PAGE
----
My Geotechnical Quest – Netherlands / Czech Republic

04 februari 2015

JonathanHarrisI managed to arrive the day before to get my bearings in the Netherlands and managed to explore a small part of Utrecht where I will be staying for next three nights. The first day I have visited the Amersfoort office which was a lot bigger than i expected (700+ people here!)  I met with Peter Schouten and Jennifer Barker and discussed the projects that are undertaken with the Geotechnical team here in Amersfoort (quite substantially more impressive than the projects we undertake in the UK!).  Very interesting to see the differences from Geotechnical Engineering here and the Engineering Geology we mainly do in the UK.

JonathanHarris2In the afternoon Peter took me to visit Eindhoven Railway station where a new tunnel is being built alongside the existing tunnel.  The new tunnel is about 35m wide and is being constructed whilst the station remains fully operational, an impressive feat indeed!  I was most impressed by how new piles had been installed to support the existing beams all beneath the operational railway lines.

The next two days I went to visit some epic river defence systems; one in Bergambacht, one in Dordrecht and the last in Overdiepse Polder.  All three were very different and fairly impressive.  The first site comprises an upgrade of ~6km of dyke which runs through three villages.  A variety of improvement methods are being utilised to improve the dyke, all on the actual doorstep of people’s houses whilst occupied.  This includes the installation of 3m wide, 22m deep reinforced concrete sections adjacent to houses.

Hans Niemeijer and Hans Wismans  took me to visit two different flood defense systems; the first (at Dordrecht) we visited the dyke where they are hopeful that they can use formally contaminated sand which has been treated for use in the improvement (they find out tomorrow if they can keep it…fingers crossed).  I also witnessed a very impressive method of installing a material which helps settlement speed up by lowering water pressures (by using a large 360 tracked machine 15-20 m of material is pushed into the sand in about 5 seconds, cut off, then move to next location.  The machine is fitted with GPS to accurately mark out each install location).  In the afternoon we visited an equally impressive scheme (Overdiepse Polder) which is also massive.  The flood protection works involve lowering of dykes and building new farmsteads for 1 in 25 year flood events.  I was also shown a very bizarre (but very impressive) automated laser guided cow milking system (wasn’t expecting to see this!).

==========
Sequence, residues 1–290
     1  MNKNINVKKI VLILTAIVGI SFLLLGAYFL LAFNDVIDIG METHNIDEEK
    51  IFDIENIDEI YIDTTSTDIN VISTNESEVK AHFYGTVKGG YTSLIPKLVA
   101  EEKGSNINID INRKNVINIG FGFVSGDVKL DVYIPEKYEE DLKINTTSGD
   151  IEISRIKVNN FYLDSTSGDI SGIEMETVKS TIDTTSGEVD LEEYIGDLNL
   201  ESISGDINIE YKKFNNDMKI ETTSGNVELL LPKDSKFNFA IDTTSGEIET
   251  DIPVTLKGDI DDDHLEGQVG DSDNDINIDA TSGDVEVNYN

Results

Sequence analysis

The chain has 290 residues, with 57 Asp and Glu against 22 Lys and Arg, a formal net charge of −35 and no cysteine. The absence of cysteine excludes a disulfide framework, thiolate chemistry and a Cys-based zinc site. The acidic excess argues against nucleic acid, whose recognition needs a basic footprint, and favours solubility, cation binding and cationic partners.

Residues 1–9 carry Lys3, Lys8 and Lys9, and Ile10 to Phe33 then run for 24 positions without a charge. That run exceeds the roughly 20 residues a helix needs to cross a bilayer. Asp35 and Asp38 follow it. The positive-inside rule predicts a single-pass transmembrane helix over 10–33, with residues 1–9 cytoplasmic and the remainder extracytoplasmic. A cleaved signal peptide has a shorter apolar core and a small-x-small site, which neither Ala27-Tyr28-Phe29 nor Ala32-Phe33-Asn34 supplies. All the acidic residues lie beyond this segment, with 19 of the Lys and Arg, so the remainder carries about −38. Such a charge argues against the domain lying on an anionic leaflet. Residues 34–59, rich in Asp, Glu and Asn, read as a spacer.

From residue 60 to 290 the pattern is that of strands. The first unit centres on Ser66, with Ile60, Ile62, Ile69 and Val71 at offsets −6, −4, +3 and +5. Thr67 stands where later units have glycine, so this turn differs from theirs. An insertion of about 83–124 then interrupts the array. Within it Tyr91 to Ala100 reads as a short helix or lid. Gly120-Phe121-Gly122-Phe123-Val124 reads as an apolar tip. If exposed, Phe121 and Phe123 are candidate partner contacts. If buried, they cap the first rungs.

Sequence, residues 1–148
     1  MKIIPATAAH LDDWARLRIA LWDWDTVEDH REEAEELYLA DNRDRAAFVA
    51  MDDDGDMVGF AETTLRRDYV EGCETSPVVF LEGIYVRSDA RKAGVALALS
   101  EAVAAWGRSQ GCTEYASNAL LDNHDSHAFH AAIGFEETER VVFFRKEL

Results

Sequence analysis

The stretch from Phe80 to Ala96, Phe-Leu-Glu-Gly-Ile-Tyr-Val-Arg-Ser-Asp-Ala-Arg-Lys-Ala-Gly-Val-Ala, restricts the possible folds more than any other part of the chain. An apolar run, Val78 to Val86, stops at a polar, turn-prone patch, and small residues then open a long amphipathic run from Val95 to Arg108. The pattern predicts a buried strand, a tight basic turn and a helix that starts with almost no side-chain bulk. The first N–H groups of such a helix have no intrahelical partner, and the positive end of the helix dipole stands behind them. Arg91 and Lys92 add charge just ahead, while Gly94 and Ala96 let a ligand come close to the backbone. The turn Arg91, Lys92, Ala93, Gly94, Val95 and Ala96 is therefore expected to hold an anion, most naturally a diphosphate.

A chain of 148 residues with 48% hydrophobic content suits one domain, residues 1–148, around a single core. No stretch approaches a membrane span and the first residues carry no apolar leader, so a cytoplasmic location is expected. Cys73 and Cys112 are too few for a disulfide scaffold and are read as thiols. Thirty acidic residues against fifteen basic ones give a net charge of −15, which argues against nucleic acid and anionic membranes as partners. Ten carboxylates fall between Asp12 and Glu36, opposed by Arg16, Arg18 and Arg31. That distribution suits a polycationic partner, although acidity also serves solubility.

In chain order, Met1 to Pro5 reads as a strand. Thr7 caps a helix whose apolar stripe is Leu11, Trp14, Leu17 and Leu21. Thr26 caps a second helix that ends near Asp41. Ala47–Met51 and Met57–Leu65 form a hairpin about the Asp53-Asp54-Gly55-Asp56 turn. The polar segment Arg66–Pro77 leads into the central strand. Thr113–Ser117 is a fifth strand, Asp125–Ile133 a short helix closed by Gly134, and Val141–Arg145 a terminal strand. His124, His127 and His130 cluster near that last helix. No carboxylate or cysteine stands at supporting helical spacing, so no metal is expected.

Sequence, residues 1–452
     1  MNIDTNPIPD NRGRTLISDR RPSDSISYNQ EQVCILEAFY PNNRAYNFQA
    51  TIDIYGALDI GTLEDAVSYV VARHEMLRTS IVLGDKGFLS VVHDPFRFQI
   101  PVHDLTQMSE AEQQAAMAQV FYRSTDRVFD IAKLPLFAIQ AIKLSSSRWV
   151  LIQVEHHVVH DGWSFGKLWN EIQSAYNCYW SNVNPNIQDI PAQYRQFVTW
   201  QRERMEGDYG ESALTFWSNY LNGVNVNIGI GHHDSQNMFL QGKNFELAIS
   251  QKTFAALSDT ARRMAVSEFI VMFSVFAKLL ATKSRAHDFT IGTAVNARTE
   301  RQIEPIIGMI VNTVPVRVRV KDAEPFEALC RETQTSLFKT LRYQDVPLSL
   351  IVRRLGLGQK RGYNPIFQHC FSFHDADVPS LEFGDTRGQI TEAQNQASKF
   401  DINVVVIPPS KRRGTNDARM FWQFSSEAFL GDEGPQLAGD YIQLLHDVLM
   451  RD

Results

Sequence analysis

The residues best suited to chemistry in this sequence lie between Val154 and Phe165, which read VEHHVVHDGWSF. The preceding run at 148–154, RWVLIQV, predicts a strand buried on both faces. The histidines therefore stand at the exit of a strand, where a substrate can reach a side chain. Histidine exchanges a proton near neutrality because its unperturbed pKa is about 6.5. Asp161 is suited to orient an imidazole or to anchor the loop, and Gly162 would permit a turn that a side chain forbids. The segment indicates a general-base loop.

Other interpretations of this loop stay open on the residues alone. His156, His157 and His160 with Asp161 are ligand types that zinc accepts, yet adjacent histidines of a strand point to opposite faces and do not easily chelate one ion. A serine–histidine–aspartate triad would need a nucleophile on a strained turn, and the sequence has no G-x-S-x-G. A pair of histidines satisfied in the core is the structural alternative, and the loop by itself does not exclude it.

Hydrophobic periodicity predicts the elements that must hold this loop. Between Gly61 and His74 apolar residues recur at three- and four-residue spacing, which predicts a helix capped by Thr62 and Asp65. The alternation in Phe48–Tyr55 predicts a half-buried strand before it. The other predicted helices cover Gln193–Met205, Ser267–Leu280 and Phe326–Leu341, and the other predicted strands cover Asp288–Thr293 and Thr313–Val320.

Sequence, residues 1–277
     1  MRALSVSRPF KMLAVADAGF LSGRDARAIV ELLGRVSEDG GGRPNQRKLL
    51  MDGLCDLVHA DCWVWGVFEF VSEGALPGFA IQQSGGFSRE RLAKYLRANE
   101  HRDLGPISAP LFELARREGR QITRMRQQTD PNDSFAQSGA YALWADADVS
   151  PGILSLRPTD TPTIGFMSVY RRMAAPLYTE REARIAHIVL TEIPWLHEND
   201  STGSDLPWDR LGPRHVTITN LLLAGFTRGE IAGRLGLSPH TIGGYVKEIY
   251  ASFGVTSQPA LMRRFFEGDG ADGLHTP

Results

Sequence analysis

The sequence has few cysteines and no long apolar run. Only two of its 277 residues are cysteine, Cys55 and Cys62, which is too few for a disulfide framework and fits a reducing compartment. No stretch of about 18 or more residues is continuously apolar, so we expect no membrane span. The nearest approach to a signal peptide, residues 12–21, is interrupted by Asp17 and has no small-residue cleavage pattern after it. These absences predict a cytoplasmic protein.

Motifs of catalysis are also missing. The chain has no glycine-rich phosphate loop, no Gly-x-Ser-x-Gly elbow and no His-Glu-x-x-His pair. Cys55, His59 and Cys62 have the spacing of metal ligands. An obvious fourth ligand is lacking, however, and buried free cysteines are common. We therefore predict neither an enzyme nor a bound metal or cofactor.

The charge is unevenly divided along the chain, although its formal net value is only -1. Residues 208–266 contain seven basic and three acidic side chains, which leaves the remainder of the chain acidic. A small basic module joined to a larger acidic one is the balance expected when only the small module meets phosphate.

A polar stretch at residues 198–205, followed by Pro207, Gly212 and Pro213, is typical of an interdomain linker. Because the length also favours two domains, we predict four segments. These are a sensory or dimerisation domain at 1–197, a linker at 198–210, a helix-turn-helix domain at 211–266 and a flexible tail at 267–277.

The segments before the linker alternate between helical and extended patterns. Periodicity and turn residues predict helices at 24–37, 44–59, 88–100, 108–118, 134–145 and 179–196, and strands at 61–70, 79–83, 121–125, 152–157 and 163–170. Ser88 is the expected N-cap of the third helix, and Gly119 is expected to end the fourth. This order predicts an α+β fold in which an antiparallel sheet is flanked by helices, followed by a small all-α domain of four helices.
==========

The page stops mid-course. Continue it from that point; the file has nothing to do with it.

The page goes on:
JonathanHarris3After a fantastic time in the Netherlands I flew to Prague to meet with Jan Novotny of ARCADIS Geotechnika. On the first day he showed me a current road construction between Bošov and Libkovice in the west of Czech Republic.  A very interesting project (for a geologist) as the bedrock changed throughout the length of the construction (which changed from basalt, mudstone to siltstone.) The only blight on the trip was a short sharp shower catching us when we were exposed!

After this he drove me to a near-by village for lunch in a brewery, the type of lunch i could get used to very easily! Once a beer was sampled (and unfortunately only the one) we drove to Březno where Jan has been studying a site where a complex landslip has been occurring.  A very interesting site with a whole range of slips, Jan even noted that in the 2 months since he was last there further collapse of the slope had occurred.

On my last day of the Quest and with Jan he drove me first to meet a colleague (Michal Hartman) in the ARCADIS Pardubice office.  There, we discussed a local motorway construction around Chrudim.  It was very interesting to see a range of geological processes which have in turn made a requirement for geotechnical solutions (for instance it was identified that a former river channel was present within the upper mudstone deposits which would form a localised weak spot for potential slope failure).  We visited three locations across the proposed route of the motorway, each showing a slightly different mechanism/problem and the suggested solutions.

I was sad to have oinly had 5 days of visiting sites but all good things must come to an end.  I had an extremely enjoyable time and learnt many things about large scale geotechnically influenced projects which are not (currently) present in the UK for ARCADIS.

Jonathan Harris, EC Harris